What is a low ovarian reserve?

10% of infertility issues are related to low ovarian reserve. Depending on your age this may not be pathologic. After a certain age, it is physiologic and eventually occurs in every woman. The generally accepted theory is that as a woman ages, this supply gradually decreases over time until menopause eventually occurs.

When a female is still a foetus, for example, her number of eggs peaks at around 6 – 7 million. This falls to between 1 – 2 million at birth, 300,000 – 500,000 at the start of puberty, and 1,000 at around 51 years old.

Of course, certain factors can accelerate this decrease, including underlying genetics, environmental factors, and medical issues such as endometriosis (when the tissues normally found inside the uterus grow outside it), ovarian surgery, and cancer treatment with chemotherapy and radiotherapy.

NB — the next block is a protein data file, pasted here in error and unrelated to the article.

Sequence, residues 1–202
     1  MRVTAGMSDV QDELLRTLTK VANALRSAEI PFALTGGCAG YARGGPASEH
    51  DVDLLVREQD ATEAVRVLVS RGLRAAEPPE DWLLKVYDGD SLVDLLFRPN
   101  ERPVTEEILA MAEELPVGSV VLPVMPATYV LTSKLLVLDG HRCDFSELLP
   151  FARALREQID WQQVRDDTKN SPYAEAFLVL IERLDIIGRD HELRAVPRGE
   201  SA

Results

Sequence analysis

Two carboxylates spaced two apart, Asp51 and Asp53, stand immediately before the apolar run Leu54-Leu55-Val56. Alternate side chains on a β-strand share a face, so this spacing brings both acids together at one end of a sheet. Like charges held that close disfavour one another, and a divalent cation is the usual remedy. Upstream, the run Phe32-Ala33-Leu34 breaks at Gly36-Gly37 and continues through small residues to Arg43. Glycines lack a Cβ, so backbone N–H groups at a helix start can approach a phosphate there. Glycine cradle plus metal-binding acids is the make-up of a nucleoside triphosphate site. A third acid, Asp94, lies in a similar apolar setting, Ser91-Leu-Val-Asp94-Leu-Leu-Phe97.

Essentially, your ‘ovarian reserve’ is your current egg supply, and it is closely related to your potential to reproduce. In general, the more eggs you have left, the better your chances of conception. So, if you have a low ovarian reserve, it may impact your chances of conceiving.

If you’re over 35 or struggling to have a baby, visit your doctor for an ovarian reserve screening. Anti-Mullerian hormone or AMH is a hormone produced by the granulosa cells in your ovarian follicles. AMH can help doctors understand if the ovaries are aging more rapidly than they should and if there are fewer eggs remaining.

If you have been testing it already, go ahead and submit your results for a free review by our fertility specialist.